All false doctrine is the same under the skin. Once you delve into what makes a particular system of heresy tick, you can note similarities with other false teachers and other false teachings, and then pinpoint the Scriptural antidote. As a doctor of souls, your task is often to prescribe the correct Scriptural cure, and that process begins with a careful diagnosis of the sickness. Enthusiasm, substitution of manmade authorities for God’s inerrant word, legalism and moralism masquerading as true piety – these are the stock-in-trade of false prophets through the ages. Our Lord’s words about wolves in sheep’s clothing still ring true two thousand years on and counting.
It might well be argued that the two most vigorous or resilient brands of false teaching today are Islam and Mormonism. One is currently intent on subjecting the Middle East to its barbaric rule, and gives no indications of being content with those gains – to say nothing of making inroads elsewhere around the world. The other recently could claim a presidential candidate as its own – and not on a fringe ticket or for a third party. But their influence is not confined to isolated spheres far beyond our everyday routine. Increasingly, Islam and Mormonism are garnering a higher profile across America – perhaps even in your community. As such, Schmidt’s book is especially timely. Schmidt sets as his task proving that Muhammad and Joseph Smith share numerous parallels, in life, doctrine, and in many other ways. He proves the theory beyond the shadow of a doubt that Joseph Smith truly is the American Muhammad of the book’s title.
Schmidt’s careful work as a historian bears fruit because he lets the facts speak. He does not get carried away with polemic, or by trying to paint Muhammad and Joseph Smith as worse than they actually were. The plain facts do that quite well.
Schmidt’s grasp and command of those facts is sterling. He masterfully arranges and presents disparate threads of similarity binding Muhammad and Joseph Smith together. Even in Smith’s own day, he was dubbed “an American Mohamet” as early as 1831. Newspapers regularly referred to him as a Muhammad and Smith proudly applied that title for himself, in a speech on October 14, 1838. It’s striking how often quotes from Joseph Smith’s heyday sound of a piece with quotes from more modern sources. Apart from the occasional historically accurate difference in spelling, one would be hard pressed to guess the year in which the vast majority of the citations Schmidt provides originate from. After Smith’s death, scholars and authors continued to note similarities between him and Muhammad. This scholarly activity continues today. Schmidt gives a concise but thorough overview of it, as well as opposing or apologetic views of Smith and Muhammad. In so doing, he lets readers in on all sides of the issue, while still conclusively proving his point.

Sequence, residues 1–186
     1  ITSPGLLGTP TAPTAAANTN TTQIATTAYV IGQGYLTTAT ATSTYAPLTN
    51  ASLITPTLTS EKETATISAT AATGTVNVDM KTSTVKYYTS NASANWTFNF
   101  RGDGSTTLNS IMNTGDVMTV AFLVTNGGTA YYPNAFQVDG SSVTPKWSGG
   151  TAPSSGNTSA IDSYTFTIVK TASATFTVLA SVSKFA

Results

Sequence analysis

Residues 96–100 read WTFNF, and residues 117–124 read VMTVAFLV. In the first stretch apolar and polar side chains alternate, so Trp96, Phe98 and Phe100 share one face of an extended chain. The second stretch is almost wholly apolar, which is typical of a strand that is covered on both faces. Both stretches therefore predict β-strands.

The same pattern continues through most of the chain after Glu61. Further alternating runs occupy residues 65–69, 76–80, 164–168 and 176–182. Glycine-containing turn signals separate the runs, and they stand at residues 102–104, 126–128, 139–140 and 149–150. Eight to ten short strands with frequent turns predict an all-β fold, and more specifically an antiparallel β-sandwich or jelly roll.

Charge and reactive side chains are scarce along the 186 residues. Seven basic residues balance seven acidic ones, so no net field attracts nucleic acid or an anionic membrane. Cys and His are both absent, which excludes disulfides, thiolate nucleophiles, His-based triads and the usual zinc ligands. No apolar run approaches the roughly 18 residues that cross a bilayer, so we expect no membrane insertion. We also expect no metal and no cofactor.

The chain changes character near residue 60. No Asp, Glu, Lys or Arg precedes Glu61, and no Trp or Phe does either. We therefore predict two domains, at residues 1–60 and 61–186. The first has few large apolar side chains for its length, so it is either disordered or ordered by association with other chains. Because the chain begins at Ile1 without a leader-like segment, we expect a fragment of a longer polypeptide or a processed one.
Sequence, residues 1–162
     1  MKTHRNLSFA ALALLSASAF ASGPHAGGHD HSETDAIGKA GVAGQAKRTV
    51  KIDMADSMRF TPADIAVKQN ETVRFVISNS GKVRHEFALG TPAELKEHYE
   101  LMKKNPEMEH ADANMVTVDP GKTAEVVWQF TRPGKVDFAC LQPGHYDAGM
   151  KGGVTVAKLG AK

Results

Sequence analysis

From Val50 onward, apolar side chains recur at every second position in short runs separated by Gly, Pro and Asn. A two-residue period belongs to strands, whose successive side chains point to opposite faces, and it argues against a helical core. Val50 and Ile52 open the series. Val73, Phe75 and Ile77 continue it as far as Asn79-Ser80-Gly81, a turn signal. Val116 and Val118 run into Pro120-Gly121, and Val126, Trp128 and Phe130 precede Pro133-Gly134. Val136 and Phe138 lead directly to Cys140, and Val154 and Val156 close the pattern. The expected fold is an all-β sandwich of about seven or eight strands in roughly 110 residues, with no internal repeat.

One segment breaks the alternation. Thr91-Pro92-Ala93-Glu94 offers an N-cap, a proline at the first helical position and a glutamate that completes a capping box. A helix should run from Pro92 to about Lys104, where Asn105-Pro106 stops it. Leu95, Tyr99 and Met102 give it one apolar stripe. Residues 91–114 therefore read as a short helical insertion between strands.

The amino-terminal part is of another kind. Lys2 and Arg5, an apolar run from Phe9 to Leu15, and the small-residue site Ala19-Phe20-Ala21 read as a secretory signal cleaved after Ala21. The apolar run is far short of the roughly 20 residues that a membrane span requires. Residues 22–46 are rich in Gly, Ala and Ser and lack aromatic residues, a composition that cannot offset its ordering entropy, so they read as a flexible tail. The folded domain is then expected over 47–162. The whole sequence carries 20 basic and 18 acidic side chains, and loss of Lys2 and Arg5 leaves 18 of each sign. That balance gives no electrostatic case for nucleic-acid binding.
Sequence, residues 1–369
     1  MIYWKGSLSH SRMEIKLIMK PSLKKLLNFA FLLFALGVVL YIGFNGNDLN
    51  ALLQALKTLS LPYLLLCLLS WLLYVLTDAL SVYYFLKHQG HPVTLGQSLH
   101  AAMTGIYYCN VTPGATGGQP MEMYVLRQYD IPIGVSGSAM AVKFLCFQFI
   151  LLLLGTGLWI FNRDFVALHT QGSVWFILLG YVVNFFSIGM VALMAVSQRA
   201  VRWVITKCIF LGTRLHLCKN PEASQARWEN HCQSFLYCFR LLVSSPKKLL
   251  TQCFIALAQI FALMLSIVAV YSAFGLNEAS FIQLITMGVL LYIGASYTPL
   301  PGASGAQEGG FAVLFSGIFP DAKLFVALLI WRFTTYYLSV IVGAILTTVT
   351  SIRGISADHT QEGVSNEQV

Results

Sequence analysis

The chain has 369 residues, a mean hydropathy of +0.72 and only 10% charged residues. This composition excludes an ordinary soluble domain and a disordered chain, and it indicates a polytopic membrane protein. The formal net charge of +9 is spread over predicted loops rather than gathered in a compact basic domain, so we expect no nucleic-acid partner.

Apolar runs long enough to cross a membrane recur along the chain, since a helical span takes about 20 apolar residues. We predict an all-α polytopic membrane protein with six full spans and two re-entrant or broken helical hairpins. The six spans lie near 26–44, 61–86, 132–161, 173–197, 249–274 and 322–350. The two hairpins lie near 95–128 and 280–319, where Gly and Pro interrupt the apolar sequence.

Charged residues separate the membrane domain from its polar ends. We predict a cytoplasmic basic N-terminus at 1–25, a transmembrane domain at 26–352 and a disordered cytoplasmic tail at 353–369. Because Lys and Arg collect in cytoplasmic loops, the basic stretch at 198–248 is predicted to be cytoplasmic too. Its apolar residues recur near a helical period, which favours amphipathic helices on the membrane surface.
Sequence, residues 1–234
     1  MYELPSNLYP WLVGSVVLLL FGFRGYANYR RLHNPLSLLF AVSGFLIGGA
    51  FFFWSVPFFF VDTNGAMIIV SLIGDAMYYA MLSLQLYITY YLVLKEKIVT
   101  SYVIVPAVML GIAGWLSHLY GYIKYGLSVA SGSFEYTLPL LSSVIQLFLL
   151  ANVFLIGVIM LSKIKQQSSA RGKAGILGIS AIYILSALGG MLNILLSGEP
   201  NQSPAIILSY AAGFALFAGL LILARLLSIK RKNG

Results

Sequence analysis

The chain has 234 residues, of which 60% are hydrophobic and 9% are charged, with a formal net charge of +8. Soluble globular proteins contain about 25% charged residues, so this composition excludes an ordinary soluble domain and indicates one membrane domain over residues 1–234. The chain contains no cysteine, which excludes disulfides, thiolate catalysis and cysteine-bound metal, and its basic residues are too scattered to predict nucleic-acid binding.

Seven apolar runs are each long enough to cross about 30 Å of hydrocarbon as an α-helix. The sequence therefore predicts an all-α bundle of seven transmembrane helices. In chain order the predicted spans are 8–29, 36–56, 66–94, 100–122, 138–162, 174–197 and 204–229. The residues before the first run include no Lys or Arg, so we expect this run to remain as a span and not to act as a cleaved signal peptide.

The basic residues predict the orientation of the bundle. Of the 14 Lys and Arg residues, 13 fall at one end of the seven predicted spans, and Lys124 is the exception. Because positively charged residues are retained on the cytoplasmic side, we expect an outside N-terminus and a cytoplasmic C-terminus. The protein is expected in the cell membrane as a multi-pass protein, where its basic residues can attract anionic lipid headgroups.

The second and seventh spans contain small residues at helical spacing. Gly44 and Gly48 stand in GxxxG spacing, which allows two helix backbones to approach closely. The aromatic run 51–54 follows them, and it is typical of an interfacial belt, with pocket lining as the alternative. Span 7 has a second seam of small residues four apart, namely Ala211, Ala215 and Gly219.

To list all the parallels Schmidt notes would make this review as long as the book, but a few may be noted in passing. Both Smith and Muhammad claimed to be prophets, but were proven false. Both took numerous wives, including other men’s wives and underage girls. Both received convenient “revelations” that allowed them to tighten their grip on their followers’ loyalty. Both advocated the use of violence against those outside their religion. Both fled for safety at different times. Both misunderstood and misrepresented the doctrine of the Trinity. Both admitted receiving revelations from Satan, as well as from what seemed to be an angel of light. Both proscribed alcohol for their followers – although both did not feel the need to submit themselves to the same strictures. This is just a partial list of the similarities that Schmidt develops. Once the reader follows Schmidt down the rabbit hole of Smith’s degenerate, arrogant false doctrine and dissolute life, the parallels between Smith and Muhammad pile up like snow banks in a Wisconsin winter. The degree to which Smith patterned himself on Muhammad is positively eerie, and Schmidt allows readers to observe this in all its sad, depraved glory.